APPROACH: Through the Exotic Pests and Diseases Research Program (EPDRP), established in 2001 under a CSREES Special Research Grant, the UC Statewide IPM Program (UCIPM) and the UC Center for Invasive Species Research (CISR) coordinate research that addresses invasive species which have, or could become established in California. This research provides the science on which policy decisions can be made and management strategies developed. The EPDRP solicits proposals from scientists affiliated with public research institutions, both within and outside of California, through a Request for Proposals (RFP). Funding is not restricted to UC investigators, although it is suggested that at least one investigator on each proposal be a UC DANR academic to ensure relevance to exotic pests/invasive species of particular importance to California, and linkage to the Agricultural Experiment Station and Cooperative Extension system. Multidisciplinary and multi-institutional proposals are encouraged to address specific issues and to allow the results of sponsored research projects to have broader utility. Proposals are solicited to study exotic pests/invasive species in agricultural, natural and urban systems. The grants program is managed by UCIPM. The Program Director works closely with a stakeholders' Program Advisory Committee, to establish program direction and priorities. The RFP is distributed through the Western Experiment Station Directors and Deans, to deans or research offices of other public universities and research institutions with evidence of strong exotic pest programs, and to USDA Regional Pest Management Center Directors. Scientific review panels evaluate the proposals, considering the Advisory Committee's recommendations and priorities as to critical needs, appropriateness of the proposal to meet those needs, experimental design, and adequacy of the personnel and facilities to ensure the fulfillment of the proposal objectives. A Technical Committee integrates rankings across science panel research areas, and the Advisory Committee reviews all information and makes funding recommendations to the program directors. An annual research workshop provides an opportunity for researchers to report on their findings and allow a forum for discussion about other exotic pest research related to California environments.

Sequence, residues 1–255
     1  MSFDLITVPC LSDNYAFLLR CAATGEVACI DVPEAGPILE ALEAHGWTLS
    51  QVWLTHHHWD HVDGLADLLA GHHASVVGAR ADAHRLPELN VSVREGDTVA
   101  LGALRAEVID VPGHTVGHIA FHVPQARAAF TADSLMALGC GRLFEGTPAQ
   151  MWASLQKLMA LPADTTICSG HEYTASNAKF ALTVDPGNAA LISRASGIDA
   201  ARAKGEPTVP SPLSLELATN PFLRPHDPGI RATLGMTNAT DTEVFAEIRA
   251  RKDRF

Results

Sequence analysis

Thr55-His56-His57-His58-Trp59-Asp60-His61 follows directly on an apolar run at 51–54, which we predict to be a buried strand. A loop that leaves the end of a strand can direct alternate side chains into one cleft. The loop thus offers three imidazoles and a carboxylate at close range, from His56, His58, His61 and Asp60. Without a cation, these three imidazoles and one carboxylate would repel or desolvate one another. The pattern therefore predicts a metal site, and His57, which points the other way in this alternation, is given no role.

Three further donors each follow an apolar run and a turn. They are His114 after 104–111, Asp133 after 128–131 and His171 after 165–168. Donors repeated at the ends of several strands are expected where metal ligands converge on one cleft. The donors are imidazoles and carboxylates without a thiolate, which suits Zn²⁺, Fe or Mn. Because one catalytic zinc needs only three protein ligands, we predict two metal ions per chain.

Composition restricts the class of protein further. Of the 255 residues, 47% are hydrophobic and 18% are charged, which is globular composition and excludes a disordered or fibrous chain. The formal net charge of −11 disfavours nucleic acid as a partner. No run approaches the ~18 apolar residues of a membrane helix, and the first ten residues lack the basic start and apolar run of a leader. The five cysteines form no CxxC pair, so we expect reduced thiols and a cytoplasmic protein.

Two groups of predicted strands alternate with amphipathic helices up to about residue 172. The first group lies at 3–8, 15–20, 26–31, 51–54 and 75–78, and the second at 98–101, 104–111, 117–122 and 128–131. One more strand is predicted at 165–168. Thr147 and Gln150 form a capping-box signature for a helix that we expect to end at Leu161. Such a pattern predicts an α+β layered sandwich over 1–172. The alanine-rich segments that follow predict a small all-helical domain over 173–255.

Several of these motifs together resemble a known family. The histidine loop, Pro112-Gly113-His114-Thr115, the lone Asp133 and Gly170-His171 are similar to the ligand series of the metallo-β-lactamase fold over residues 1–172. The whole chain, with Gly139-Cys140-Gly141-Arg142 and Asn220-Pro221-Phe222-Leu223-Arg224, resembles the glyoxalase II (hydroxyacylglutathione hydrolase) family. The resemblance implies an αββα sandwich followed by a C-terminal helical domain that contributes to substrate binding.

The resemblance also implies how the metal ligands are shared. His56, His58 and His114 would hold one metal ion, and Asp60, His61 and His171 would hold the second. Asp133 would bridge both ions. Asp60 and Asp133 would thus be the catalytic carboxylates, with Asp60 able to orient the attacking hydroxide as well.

PROGRESS: 2002/09 TO 2005/08<br>